A NASA satellite monitors the edge of Earth to study how the planet’s atmosphere is changing.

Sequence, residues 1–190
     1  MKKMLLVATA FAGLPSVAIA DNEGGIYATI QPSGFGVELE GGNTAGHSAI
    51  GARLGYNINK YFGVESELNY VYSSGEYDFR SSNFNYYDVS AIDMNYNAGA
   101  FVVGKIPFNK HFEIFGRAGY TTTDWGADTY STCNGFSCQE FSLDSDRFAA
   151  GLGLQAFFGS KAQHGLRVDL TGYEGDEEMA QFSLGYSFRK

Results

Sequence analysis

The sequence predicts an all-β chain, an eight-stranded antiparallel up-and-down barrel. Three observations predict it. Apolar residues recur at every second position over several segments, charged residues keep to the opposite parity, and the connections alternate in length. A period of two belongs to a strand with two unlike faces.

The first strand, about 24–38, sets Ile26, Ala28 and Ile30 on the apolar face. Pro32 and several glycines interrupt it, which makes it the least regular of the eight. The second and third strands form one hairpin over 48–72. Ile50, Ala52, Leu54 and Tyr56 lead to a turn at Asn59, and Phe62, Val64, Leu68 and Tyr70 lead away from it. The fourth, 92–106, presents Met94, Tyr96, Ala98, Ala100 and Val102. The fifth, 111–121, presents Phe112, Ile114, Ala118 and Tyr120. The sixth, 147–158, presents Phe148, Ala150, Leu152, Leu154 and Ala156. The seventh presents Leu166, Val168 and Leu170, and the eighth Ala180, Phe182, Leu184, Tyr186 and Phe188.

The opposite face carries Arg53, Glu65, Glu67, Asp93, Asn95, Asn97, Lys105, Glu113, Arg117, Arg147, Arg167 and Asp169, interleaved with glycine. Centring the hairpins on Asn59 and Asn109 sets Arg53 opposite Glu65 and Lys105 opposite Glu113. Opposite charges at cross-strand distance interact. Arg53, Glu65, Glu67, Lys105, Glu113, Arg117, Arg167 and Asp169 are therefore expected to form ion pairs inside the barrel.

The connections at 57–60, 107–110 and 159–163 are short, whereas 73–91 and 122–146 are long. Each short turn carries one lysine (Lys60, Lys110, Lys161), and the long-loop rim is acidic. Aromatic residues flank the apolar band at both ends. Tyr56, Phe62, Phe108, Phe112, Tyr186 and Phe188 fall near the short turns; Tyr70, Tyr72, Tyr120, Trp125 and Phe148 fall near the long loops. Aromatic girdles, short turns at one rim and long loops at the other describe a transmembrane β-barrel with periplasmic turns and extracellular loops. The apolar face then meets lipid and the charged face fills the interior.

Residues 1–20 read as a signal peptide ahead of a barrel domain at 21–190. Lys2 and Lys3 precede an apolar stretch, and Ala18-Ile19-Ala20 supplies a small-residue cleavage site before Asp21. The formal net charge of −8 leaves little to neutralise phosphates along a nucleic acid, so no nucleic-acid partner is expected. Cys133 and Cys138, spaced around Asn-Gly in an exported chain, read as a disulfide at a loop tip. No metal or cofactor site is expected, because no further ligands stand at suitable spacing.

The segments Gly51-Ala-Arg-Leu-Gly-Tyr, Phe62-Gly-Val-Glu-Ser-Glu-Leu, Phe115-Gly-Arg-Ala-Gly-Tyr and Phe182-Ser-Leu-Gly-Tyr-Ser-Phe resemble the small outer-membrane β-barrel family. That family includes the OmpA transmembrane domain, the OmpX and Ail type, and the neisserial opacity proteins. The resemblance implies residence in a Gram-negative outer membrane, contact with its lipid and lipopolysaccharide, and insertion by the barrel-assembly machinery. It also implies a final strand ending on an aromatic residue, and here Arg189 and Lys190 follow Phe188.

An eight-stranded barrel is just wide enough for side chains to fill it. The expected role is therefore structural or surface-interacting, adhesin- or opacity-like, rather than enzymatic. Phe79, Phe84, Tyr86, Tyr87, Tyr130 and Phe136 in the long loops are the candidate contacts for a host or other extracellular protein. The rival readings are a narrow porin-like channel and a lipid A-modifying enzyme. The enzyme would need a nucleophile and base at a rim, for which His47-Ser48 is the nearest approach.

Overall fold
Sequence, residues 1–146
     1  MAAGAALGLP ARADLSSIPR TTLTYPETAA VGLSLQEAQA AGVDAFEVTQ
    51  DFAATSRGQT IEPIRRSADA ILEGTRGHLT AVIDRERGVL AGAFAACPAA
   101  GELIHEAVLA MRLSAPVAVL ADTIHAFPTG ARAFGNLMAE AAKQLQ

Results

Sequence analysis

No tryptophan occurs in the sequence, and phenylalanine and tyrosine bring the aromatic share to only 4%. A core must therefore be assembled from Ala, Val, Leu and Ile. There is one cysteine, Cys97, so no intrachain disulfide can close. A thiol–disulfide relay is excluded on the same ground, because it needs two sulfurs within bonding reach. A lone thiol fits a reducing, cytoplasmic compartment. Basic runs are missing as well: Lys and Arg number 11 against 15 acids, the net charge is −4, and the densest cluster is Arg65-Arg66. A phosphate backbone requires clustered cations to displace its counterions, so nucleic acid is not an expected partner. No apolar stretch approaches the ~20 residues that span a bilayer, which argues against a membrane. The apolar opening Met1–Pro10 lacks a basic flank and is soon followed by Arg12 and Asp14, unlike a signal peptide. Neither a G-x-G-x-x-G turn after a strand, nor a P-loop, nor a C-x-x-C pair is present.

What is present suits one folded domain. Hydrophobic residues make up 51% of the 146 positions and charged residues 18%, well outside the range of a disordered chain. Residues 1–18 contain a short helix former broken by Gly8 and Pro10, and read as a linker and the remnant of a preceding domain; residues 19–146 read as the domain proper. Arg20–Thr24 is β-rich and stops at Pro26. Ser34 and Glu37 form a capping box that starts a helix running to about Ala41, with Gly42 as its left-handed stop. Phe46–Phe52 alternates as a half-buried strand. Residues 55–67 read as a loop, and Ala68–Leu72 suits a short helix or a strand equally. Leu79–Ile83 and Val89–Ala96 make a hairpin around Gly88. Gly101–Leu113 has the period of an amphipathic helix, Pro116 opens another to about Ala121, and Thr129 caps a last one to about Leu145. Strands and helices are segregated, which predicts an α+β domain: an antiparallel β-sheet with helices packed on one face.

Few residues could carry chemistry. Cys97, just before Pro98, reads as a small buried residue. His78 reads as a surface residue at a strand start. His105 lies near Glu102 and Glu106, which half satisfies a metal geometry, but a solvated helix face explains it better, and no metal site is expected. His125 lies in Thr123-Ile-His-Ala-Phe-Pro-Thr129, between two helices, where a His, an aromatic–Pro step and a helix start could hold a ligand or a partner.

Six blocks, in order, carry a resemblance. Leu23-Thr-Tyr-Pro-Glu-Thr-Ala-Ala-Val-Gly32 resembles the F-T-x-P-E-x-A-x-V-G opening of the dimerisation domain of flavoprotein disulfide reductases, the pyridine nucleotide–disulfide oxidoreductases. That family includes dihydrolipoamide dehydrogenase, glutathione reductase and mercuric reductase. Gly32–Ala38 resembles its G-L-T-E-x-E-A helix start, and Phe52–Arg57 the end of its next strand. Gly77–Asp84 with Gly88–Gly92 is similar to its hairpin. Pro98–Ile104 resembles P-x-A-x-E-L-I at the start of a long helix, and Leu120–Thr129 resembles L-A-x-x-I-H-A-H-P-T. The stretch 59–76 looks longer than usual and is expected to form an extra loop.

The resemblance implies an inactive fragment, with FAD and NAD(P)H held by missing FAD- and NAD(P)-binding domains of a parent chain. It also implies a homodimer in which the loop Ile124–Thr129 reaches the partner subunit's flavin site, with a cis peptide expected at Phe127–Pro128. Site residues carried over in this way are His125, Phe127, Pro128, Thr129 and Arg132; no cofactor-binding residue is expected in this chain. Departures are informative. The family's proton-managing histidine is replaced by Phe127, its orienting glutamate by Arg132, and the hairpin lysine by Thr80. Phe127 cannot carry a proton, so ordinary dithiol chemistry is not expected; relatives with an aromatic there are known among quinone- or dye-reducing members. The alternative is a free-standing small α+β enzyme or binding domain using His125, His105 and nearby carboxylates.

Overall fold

Detecting gas molecules where they occur at different heights in the atmosphere requires going out on a limb—Earth's limb. From orbit, Earth's limb is the fuzzy blue halo that appears above the surface. Instruments like the Microwave Limb Sounder on NASA's Aura satellite observe the limb to get a side view of the atmosphere from the ground to where it thins out into space. This perspective allows scientists to measure atmospheric chemistry layer by layer—essential for monitoring the gases that contribute to the hole in the ozone layer and for evaluating the impact of clouds on climate change. The Microwave Limb Sounder was the first to measure, from space, all the gases that are part of the ozone depletion cycle, giving scientists the first observations that revealed the full chemical process of ozone depletion as it occurs. Explore the images for views of different gases observed by the satellite visualized on a globe.